Mozart’s Le nozze di Figaro, written in 1786, is frequently referred to as the “perfect opera,” and rightly so. The music is absolutely glorious–not a single bad note. And the story of love, lust, jealousy, power, and deceit–Mozart’s first collaboration with librettist Lorenzo da Ponte, based on Beaumarchais’ stage comedy–is both hilarious and moving, standard opera buffa transformed by the composer’s psychological sensitivity and genius for characterizing people’s actions and emotions in music. Chicago Opera Theater’s production, sung in Italian, is terrific, with superb orchestral playing and singing, especially in the gorgeous duets, trios, quartets, and sextets. COT has updated the opera, setting it in affluent contemporary Miami instead of 18th-century Spain; the spare costumes and sets are effective, though the liberties taken with the libretto translations and the ongoing references to cell phones and text messaging get a little old. But this is a small price to pay. Soprano Jane Archibald, who has a sweet, crystalline voice, and baritone Christian Van Horn are excellent as Susanna and Figaro, the two servants who want to get married, though the chemistry between them is a bit weak. Mezzo Sandra Piques Eddy is wonderfully over-the-top as Cherubino, the sexually out-of-control adolescent page, particularly in his famously randy aria “Non so piu cosa son, cosa faccio.” Baritone Alexander Tall is outstanding as the predatory count who lusts after Susanna, and soprano Krisztina Szabo is dazzling as the countess–and heartbreaking at the start of act two, when she grieves her lost happiness while languishing on a chaise longue with a drink. Jane Glover conducts. Sat 5/14, 7:30 PM, Harris Theater for Music and Dance, 205 E. Randolph, 312-704-8414, $30-$105.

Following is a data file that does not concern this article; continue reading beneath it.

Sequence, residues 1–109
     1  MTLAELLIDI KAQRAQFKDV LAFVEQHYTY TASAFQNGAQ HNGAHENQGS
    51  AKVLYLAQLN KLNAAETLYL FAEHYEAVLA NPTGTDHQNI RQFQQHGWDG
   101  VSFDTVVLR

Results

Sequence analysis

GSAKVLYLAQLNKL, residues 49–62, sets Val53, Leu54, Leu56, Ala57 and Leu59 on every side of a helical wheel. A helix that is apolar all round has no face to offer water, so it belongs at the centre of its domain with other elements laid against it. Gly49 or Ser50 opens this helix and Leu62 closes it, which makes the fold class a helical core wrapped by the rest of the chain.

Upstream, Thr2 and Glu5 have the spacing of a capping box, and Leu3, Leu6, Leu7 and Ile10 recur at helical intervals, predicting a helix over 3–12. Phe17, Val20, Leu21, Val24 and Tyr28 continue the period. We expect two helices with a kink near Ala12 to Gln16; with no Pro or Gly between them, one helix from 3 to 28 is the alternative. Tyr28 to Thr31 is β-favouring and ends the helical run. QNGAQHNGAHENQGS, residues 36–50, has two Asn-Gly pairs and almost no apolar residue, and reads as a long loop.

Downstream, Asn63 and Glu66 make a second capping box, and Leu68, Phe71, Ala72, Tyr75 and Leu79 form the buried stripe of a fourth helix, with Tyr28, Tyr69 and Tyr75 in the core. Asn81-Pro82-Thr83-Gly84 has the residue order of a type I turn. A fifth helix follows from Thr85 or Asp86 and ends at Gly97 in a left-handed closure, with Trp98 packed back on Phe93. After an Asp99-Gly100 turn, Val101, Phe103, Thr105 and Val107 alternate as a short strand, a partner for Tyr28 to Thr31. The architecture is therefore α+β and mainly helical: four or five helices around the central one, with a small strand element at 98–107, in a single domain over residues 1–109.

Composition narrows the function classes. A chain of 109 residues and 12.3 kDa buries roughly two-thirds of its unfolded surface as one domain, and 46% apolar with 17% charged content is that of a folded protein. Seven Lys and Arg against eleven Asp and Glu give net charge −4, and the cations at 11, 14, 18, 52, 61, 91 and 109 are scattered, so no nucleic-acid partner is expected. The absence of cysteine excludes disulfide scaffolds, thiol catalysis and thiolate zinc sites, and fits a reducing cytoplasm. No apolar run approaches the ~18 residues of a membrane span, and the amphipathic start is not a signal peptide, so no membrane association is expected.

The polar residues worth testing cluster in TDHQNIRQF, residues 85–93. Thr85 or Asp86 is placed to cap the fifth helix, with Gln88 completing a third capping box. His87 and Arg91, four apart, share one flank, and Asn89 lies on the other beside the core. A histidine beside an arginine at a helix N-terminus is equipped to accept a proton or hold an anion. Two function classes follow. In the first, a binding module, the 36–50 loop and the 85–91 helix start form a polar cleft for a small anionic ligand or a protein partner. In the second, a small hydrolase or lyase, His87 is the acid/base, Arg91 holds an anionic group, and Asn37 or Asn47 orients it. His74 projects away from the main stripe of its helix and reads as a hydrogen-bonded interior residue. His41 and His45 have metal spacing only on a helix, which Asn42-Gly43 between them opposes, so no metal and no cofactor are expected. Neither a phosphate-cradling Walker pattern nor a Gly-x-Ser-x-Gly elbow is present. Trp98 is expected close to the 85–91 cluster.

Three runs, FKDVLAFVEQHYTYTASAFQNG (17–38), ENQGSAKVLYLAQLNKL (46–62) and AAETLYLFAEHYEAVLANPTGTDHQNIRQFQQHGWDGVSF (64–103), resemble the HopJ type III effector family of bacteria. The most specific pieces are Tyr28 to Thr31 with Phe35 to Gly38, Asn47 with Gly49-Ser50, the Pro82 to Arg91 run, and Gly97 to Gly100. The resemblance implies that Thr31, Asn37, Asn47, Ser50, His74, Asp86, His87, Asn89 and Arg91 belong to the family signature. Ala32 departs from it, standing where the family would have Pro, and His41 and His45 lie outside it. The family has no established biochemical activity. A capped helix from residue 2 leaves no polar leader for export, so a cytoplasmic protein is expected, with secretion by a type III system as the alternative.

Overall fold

Art accompanying story in printed newspaper (not available in this archive): photo/Brian Dickie.